Syrian President Bashar Al Assad has sent tanks back to Hama’s Asi square on Wednesday night, hours after he pulled them out on grounds they had “accomplished their mission,” activists said. The United States, meanwhile, has imposed sanctions on Syria’s largest commercial bank and largest mobile phone operator, tightening the noose on the embattled president.
Deploying tanks again in Hama also came after President Assad, in a meeting with envoys from UN Security Council members Brazil, India and South Africa, admitted that “some mistakes” had been made by security forces.
The earlier withdrawal of troops from the flashpoint city came a day after Turkish Foreign Minister Ahmet Davutoglu delivered a stern message from Ankara to President Assad.
Turkish Prime Minister Recep Tayyip Erdogan had sent to Hama his ambassador to witness the pullout.
“Our ambassador went to Hama and said that the tanks, security forces had started to leave Hama. This is highly important to show that our initiatives had positive results,” Mr. Erdogan said in Ankara.
Mr. Davutoglu said that envoy Omer Onhon toured the city and met residents and “he was together with people for the noon prayer.”
“The critical thing is that Syria should be open to the world for the developments to be followed. The most important tool to end the speculations and debate is free media access,” Mr. Davutoglu said.
An AFP correspondent, on a government-sponsored tour, said dozens of military vehicles crammed with soldiers streamed out of Hama where residents were trickling back.
“The army units have gone back to their barracks after having accomplished their mission, and residents, happy to be rid of the armed gangs who tried to sow discord among the population, have returned home,” a high-ranking army officer said.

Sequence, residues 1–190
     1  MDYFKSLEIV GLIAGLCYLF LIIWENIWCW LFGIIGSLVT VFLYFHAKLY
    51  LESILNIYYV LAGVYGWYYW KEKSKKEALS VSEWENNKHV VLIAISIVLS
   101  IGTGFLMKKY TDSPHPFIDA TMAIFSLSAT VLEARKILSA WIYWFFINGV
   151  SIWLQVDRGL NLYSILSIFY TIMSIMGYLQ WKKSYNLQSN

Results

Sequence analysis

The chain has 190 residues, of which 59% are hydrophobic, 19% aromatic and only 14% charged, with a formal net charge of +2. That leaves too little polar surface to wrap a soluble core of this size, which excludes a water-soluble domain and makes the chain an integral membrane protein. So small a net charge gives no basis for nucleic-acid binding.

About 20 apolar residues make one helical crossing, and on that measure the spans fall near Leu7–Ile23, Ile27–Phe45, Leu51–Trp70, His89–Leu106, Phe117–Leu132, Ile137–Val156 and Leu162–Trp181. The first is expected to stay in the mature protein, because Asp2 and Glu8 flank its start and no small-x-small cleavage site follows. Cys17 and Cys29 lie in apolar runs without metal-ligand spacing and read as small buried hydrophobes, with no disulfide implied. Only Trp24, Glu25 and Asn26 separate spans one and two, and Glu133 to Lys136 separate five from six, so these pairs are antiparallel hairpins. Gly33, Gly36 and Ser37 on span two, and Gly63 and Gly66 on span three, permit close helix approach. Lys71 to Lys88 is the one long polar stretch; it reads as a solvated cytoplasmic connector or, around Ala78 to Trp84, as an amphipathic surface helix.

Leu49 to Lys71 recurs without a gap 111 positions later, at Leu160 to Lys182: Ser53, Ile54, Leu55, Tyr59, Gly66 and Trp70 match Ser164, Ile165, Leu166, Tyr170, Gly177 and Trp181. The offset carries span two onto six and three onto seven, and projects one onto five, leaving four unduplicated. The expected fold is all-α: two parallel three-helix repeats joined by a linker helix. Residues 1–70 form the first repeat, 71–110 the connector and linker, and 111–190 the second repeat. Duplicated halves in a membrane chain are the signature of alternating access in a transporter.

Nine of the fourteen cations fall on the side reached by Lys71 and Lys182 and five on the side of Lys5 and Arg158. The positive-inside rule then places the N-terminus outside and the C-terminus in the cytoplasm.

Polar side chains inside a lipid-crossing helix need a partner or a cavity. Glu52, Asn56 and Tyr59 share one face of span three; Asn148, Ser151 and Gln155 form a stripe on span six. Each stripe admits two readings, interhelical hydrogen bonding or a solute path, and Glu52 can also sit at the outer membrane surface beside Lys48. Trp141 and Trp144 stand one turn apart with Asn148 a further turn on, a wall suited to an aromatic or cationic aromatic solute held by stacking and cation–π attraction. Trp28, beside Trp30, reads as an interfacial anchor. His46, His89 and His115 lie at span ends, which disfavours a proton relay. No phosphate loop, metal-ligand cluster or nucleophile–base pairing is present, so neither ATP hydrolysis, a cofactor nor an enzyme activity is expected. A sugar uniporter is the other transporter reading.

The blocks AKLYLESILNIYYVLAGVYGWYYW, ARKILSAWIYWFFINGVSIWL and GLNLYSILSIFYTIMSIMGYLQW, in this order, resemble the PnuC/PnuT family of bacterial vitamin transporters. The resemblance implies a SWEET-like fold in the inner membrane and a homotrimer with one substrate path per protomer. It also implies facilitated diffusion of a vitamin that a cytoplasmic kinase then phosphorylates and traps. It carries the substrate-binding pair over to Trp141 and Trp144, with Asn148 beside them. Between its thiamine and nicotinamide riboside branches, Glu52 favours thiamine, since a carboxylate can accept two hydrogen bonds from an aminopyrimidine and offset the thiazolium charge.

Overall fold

Meanwhile, the US Department of the Treasury on Wednesday announced the designation of the Commercial Bank of Syria, a Syrian state-owned financial institution, and its Lebanon-based subsidiary, Syrian Lebanese Commercial Bank, pursuant to Executive Order (E.O.) 13382, and Syriatel, the largest mobile phone operator in Syria, pursuant to E.O. 13572.
E.O. 13382 is an authority that targets proliferators of weapons of mass destruction (WMD) and their supporters, and E.O. 13572 targets Syrian officials and others responsible for human rights abuses in Syria. As a result of today’s actions, US persons are generally prohibited from engaging in commercial or financial transactions with the Commercial Bank of Syria, Syrian Lebanese Commercial Bank and Syriatel, and any assets of these entities under US jurisdiction are frozen.
“By exposing Syria’s largest commercial bank as an agent for designated Syrian and North Korean proliferators, and by targeting Syria’s largest mobile phone operator for being controlled by one of the regime’s most corrupt insiders, we are taking aim at the financial infrastructure that is helping provide support to Asad and his regime’s illicit activities,” said Under Secretary for Terrorism and Financial Intelligence David S. Cohen.